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A Potter's Moll: The Bard And The Slug

Now I like oxymoron (coupling opposites together) as much as anyone and the language would be poorer without ‘bittersweet’ and even ‘sweet and sour’. If ‘Parting is such sweet sorrow’ was good enough for the Bard, it’s good enough for me. (Cliché?) But I have noticed a trend that has spread from Art criticism to book reviews. On the blurb of the novel I am currently reading, I read:

‘savagely funny and authentically tragic’


‘both familiar and extraordinary’

‘very funny as well as heart-rendingly sad’

To coin another cliché, could this be called ‘sitting on the fence’?

Liz Robison turns her thoughts to Bardic matters – and slugs.

For more of Liz’s delicious humour please click on A Potter’s Moll in the menu on his page.

And do visit the Web site of Liz’s husband, internationally famous potter Jim Robison http://www.jimrobison.co.uk/

A gardening theme and another ‘tribal’ outing with the Welsh Society are on the agenda this week, together with some more observations about language.

On a very wet and windy afternoon recently we visited a very unusual garden in Glossop, Derbyshire. It was open under the National Gardens Scheme (NGS) with the proceeds from admission and refreshments going to charity.

The back wall of the garden was a quarry face, and the floor was partly rocky. The owner had used imaginative climbing plants, alpines, water-features and containers to create a pleasing and harmonious whole. She had borrowed several large planters from my husband, potter Jim Robison, and they were displayed to great advantage. (A TV crew had been to film a few days earlier and the producer bought one of the planters. Hurrah!)

Gardening is so full of ups and downs. I’ve just come indoors from a ‘slugathon’. I hate them. They have decimated newly planted Nicotiana, yet I dislike the idea of slug pellets. Without thinking the other day, I cut one in half with the secateurs. Aargh!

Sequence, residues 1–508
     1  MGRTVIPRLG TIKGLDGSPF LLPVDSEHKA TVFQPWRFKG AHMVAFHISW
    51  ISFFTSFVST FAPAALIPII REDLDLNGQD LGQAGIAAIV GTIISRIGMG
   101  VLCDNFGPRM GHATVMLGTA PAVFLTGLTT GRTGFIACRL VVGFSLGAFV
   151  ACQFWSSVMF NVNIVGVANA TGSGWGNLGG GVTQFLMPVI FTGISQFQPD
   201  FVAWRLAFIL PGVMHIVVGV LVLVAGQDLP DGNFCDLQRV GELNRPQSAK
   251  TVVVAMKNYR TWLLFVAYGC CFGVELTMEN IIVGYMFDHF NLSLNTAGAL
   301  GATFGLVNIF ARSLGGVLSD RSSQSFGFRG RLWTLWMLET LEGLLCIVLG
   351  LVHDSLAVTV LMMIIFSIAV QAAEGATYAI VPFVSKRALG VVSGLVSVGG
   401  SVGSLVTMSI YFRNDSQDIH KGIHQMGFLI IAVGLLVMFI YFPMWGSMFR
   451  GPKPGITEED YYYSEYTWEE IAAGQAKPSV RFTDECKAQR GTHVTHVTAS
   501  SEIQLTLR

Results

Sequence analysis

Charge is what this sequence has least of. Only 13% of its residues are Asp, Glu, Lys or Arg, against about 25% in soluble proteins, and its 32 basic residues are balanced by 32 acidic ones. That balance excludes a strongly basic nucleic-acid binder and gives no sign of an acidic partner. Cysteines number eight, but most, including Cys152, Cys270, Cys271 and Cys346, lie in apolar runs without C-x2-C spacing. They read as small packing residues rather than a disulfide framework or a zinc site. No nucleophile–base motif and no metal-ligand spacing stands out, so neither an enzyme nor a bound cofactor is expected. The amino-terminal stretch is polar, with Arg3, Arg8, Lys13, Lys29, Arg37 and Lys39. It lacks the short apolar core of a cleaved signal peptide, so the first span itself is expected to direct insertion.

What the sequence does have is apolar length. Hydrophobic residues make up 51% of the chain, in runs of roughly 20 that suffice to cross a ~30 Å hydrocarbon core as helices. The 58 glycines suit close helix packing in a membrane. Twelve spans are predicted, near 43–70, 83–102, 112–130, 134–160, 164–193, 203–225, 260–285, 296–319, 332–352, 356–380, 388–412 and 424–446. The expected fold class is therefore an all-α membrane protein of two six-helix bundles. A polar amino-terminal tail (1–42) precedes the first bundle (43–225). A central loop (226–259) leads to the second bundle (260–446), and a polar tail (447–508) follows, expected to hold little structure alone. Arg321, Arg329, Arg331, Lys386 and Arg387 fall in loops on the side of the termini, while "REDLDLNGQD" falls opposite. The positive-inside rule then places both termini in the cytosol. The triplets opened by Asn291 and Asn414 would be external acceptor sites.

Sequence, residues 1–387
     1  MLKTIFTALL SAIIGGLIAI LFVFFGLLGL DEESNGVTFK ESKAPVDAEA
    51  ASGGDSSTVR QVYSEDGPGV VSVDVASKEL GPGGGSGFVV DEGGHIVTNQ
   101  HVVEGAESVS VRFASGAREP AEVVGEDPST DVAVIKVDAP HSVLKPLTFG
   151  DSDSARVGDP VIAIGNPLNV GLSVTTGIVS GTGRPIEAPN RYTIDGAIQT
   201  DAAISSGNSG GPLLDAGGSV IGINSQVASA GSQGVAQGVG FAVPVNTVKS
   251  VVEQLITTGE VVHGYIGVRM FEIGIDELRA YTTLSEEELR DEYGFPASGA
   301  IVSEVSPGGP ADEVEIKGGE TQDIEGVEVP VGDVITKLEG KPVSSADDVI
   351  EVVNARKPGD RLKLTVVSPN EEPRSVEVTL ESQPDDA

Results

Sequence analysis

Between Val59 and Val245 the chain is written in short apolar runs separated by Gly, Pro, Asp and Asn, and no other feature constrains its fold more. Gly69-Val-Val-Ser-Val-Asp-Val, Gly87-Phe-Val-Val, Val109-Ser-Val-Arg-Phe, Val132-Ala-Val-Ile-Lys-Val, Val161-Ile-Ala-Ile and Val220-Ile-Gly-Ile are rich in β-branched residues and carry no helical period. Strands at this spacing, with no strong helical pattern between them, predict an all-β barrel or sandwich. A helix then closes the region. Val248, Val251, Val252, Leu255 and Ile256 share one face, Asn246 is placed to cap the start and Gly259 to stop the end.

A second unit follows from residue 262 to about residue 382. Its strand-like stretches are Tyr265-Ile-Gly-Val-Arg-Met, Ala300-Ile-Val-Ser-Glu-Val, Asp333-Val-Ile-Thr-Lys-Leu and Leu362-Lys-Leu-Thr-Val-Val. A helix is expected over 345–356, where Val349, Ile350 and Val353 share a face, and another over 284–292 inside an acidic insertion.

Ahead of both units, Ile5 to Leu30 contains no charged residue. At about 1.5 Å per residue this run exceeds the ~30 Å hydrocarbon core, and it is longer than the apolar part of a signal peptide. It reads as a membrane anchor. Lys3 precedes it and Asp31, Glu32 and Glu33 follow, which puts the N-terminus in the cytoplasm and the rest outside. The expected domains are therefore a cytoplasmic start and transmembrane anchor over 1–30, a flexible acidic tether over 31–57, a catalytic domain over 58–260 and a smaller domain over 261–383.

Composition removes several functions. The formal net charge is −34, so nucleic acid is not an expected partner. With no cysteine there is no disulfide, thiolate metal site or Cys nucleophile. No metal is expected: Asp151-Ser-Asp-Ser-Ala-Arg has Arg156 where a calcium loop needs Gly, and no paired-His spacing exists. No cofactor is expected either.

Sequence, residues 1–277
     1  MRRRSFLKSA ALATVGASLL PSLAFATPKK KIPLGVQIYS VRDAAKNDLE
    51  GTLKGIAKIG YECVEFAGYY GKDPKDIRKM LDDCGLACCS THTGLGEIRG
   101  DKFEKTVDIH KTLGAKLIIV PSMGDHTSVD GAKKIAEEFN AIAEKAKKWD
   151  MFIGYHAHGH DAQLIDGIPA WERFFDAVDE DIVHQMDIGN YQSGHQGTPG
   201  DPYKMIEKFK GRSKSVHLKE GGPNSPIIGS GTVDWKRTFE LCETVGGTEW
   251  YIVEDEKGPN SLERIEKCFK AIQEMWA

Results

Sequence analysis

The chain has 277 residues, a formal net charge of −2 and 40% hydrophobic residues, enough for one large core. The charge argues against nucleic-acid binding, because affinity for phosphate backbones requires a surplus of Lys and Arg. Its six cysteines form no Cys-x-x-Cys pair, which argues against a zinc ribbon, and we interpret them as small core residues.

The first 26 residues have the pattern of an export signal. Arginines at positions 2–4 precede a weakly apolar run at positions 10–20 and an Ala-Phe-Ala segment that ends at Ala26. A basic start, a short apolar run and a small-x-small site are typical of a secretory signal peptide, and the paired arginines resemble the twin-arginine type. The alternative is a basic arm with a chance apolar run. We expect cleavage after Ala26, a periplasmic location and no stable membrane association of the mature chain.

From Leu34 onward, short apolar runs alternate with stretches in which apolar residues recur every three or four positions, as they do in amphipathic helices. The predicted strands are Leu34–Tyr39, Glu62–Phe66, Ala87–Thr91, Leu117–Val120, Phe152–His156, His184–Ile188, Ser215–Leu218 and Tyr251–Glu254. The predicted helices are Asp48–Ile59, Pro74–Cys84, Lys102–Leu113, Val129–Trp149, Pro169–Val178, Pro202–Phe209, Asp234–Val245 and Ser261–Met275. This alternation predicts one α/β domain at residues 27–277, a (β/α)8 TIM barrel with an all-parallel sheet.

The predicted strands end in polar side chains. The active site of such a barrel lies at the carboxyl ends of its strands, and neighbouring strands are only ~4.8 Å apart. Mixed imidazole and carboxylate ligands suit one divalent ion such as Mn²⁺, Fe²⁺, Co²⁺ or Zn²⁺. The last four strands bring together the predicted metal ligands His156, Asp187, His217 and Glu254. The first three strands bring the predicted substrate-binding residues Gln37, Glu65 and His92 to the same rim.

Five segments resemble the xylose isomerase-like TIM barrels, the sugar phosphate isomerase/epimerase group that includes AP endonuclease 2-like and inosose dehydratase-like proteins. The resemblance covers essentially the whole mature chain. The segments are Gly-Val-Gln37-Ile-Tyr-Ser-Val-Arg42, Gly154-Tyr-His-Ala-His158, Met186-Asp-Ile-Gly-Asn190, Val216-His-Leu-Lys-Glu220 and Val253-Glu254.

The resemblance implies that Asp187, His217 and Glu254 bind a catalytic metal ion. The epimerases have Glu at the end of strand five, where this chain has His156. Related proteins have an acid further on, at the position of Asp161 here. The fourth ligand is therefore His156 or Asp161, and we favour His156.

I have a list from an old gardening magazine of plants that slugs do not like, allegedly. From that list I can vouch that the following plants grow slug-free in my garden: Monkshood, Cosmos, Echinacea, herbaceous geraniums, primulas and nasturtiums. Perhaps I should just stick with those.

Our Huddersfield Welsh society had an annual outing to the Yorkshire Dales. We have afternoon tea at the church hall of St Peter’s, Addingham and then proceed to a nearby church for a bi-lingual evening service which always concludes with a hearty rendition of ‘Mae hen wlad fy’n nhadau’ (Land of my Fathers). Even if the organist is not aware that Welsh people always repeat the chorus, the congregation does so anyway, leaving the organist to catch up!

This year the service was held at St Mary’s, Embsay, where the vicar, Dr John Daniels, is a Welsh-speaking Cymro. Afterwards I was chatting to a man who regularly attends that church who had married a Yorkshire woman, though he hails originally from New Quay in Carmarthenshire.

When I told him that I grew up Welsh in Birkenhead, Merseyside, and that there were seven Welsh chapels in the town at that time, he reminded me that the 1918 National Eisteddfod of Wales was held in Birkenhead and the occasion is still mentioned at the annual Eisteddfod as the Bikenhead Cadair Ddu (Black Chair).

The winner of the bardic chair that year was a young man called Hedd Wynn who had been killed in the trenches weeks before. In honouring his memory the bardic chair was swathed in black at the ceremony. One of many poignant Great War stories.

Now I like oxymoron (coupling opposites together) as much as anyone and the language would be poorer without ‘bittersweet’ and even ‘sweet and sour’. If ‘Parting is such sweet sorrow’ was good enough for the Bard, it’s good enough for me. (Cliché?) But I have noticed a trend that has spread from Art criticism to book reviews. On the blurb of the novel I am currently reading, I read:

‘savagely funny and authentically tragic’


‘both familiar and extraordinary’

‘very funny as well as heart-rendingly sad’

To coin another cliché, could this be called ‘sitting on the fence’?

I have been persuaded by my family that I need a mobile phone ‘for emergencies’. I have long been a Luddite as far as most new technologies are concerned. I could not bear all the faffing around of going to choose one so I sent Jim with instructions to just come back with a suitable one. He agreed that the hour and a half that it took to sort it out was ‘frustrating’, to say the least, but I had to laugh at his account of how the salesperson began by offering him a phone with a ‘sports facility’. Asked what this meant, she replied that you could use the phone when you were out jogging. ‘Do I look as if I jog?’, was his reply.

Neologisms (new words) develop all the time. So although I still refer to ‘mobile phone’, to others it’s just ‘a mobile’. Then I heard my son making arrangements on the phone to meet up with friends and the conversation ended with: ‘Anyway, we’re all mobiled up so we can get in touch if necessary.’

More from me in a fortnight.

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